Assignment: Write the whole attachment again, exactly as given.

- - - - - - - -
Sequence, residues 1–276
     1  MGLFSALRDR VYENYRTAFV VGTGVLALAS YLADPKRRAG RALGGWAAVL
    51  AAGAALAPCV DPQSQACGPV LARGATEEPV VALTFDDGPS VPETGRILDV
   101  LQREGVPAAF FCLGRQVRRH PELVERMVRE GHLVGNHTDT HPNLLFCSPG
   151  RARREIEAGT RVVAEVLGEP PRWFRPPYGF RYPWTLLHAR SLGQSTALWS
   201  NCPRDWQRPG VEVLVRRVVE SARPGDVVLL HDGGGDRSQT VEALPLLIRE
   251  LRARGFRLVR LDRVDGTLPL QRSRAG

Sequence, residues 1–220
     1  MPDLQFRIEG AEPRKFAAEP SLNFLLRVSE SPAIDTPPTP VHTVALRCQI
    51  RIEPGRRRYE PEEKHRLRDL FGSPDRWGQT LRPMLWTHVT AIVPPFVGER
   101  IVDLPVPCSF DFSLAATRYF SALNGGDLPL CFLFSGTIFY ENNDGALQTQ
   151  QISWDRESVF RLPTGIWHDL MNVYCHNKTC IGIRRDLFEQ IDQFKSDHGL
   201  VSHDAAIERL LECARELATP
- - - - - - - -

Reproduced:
Sequence, residues 1–276
     1  MGLFSALRDR VYENYRTAFV VGTGVLALAS YLADPKRRAG RALGGWAAVL
    51  AAGAALAPCV DPQSQACGPV LARGATEEPV VALTFDDGPS VPETGRILDV
   101  LQREGVPAAF FCLGRQVRRH PELVERMVRE GHLVGNHTDT HPNLLFCSPG
   151  RARREIEAGT RVVAEVLGEP PRWFRPPYGF RYPWTLLHAR SLGQSTALWS
   201  NCPRDWQRPG VEVLVRRVVE SARPGDVVLL HDGGGDRSQT VEALPLLIRE
   251  LRARGFRLVR LDRVDGTLPL QRSRAG

Sequence, residues 1–220
     1  MPDLQFRIEG AEPRKFAAEP SLNFLLRVSE SPAIDTPPTP VHTVALRCQI
    51  RIEPGRRRYE PEEKHRLRDL FGSPDRWGQT LRPMLWTHVT AIVPPFVGER
   101  IVDLPVPCSF DFSLAATRYF SALNGGDLPL CFLFSGTIFY ENNDGALQTQ
   151  QISWDRESVF RLPTGIWHDL MNVYCHNKTC IGIRRDLFEQ IDQFKSDHGL
   201  VSHDAAIERL LECARELATP